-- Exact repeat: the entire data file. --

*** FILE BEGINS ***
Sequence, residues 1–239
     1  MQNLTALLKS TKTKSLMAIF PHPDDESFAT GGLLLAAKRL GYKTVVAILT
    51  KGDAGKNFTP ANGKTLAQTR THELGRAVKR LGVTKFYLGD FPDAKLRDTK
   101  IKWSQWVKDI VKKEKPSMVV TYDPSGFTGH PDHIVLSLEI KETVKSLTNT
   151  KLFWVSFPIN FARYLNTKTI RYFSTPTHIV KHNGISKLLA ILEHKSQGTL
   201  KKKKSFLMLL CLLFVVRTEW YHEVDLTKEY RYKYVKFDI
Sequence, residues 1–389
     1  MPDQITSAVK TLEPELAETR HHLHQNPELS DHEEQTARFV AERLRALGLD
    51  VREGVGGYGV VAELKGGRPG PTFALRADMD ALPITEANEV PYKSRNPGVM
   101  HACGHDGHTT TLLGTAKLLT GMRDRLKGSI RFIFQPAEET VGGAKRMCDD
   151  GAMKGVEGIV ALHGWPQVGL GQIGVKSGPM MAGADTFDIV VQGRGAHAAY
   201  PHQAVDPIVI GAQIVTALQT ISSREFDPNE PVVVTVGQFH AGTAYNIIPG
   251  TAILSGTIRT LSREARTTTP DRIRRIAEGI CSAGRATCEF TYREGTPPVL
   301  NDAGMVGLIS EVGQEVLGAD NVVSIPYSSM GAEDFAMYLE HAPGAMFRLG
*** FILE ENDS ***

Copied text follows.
Sequence, residues 1–239
     1  MQNLTALLKS TKTKSLMAIF PHPDDESFAT GGLLLAAKRL GYKTVVAILT
    51  KGDAGKNFTP ANGKTLAQTR THELGRAVKR LGVTKFYLGD FPDAKLRDTK
   101  IKWSQWVKDI VKKEKPSMVV TYDPSGFTGH PDHIVLSLEI KETVKSLTNT
   151  KLFWVSFPIN FARYLNTKTI RYFSTPTHIV KHNGISKLLA ILEHKSQGTL
   201  KKKKSFLMLL CLLFVVRTEW YHEVDLTKEY RYKYVKFDI
Sequence, residues 1–389
     1  MPDQITSAVK TLEPELAETR HHLHQNPELS DHEEQTARFV AERLRALGLD
    51  VREGVGGYGV VAELKGGRPG PTFALRADMD ALPITEANEV PYKSRNPGVM
   101  HACGHDGHTT TLLGTAKLLT GMRDRLKGSI RFIFQPAEET VGGAKRMCDD
   151  GAMKGVEGIV ALHGWPQVGL GQIGVKSGPM MAGADTFDIV VQGRGAHAAY
   201  PHQAVDPIVI GAQIVTALQT ISSREFDPNE PVVVTVGQFH AGTAYNIIPG
   251  TAILSGTIRT LSREARTTTP DRIRRIAEGI CSAGRATCEF TYREGTPPVL
   301  NDAGMVGLIS EVGQEVLGAD NVVSIPYSSM GAEDFAMYLE HAPGAMFRLG